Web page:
As a result of the Affordable Care Act (ACA) and the Mental Health Parity and Addiction Equity Act (MHPAEA), group health plans and health insurance issuers have to provide mental health and substance use disorder benefits in the same manner that they provide other medical and surgical benefits.6 The specifics of what’s covered and for how long depend on the individual plan, so contact your insurance company to understand your insurance coverage for substance use treatment.

In Virginia, the 249 treatment facilities accept a variety of payment methods, including:4

  • Private health insurance, which is taken by 84% of the rehabs in the state.
  • Medicare, which is accepted at 62% of the facilities.
  • Medicaid, which 80% of the treatment centers in Virginia take.
  • State-financed health insurance plans, which are accepted at 45% of the rehabs.
  • Federal military insurance, which is taken by 58% of the facilities.

Veterans eligible for healthcare benefits through the U.S. Department of Veteran Affairs (VA) can receive care at any VA medical facility or program. The VA provides medication treatments, comprehensive therapy and counseling, and support for related conditions such as depression and PTSD.7 Veterans may also be able to receive treatment through non-VA facilities, such as American Addiction Centers (AAC) through the Community Care Program, depending on the Veteran’s health needs and circumstances.8

Additionally, several new treatment approaches are now covered by Medicaid through the Addiction and Recovery Treatment Services (ARTS), part of Virginia’s Medicaid program, known as Cardinal Care. These benefits include inpatient detox, residential treatment, partial hospitalization, intensive outpatient programs, opioid treatment programs, office-based addiction treatment, case management, and peer recovery supports. ARTS care coordinators help Medicaid members navigate addiction treatment options and recovery supports in Virginia.9

When using any form of insurance to help pay for drug and alcohol treatment, your out-of-pocket expenses depend on your insurance coverage. Check with your provider for details.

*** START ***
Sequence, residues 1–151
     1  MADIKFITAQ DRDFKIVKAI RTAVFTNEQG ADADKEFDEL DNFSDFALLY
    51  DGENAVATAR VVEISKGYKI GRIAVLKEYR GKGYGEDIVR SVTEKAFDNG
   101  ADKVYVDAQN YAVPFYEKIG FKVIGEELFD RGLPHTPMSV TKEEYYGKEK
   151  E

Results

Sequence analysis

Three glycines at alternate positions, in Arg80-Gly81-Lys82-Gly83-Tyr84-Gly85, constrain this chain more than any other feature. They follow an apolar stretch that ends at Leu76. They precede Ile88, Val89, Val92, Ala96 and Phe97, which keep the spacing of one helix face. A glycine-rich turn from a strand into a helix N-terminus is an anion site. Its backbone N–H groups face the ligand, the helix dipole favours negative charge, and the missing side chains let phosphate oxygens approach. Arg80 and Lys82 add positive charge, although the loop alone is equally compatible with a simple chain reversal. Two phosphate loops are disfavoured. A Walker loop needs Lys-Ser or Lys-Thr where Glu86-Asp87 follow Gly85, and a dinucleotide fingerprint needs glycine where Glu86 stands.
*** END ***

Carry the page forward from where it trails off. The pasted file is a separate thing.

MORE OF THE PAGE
Other Ways to Pay for Treatment in Virginia

Not having insurance does not mean you can’t receive treatment for substance misuse in Virginia. In fact, according to the 2020 National Survey on Substance Use Treatment Services conducted by Substance Abuse and Mental Health Services Administration (SAMHSA), facilities throughout the state accept various other forms of payment, including:4

  • Cash or self-payment, which is accepted at 95% of the treatment centers.
  • Payment based on a sliding scale, which means your cost is determined by your income. Sliding scale payments are accepted by 57% of the state’s facilities.

Additionally, 33% of the rehabs in Virginia provided treatment in 2020 at no cost or with minimal cost to the patient.4

If you don’t have insurance or other means to pay for treatment, contact your local CSB in Virginia to apply for reduced or no-cost care.10

Veterans without VA benefits may still be able to receive care through the VA. The VA offers special assistance to homeless Veterans and those who served in combat. It also provides referrals to community-based resources for all Veterans.7

Types of Addiction Treatment in Virginia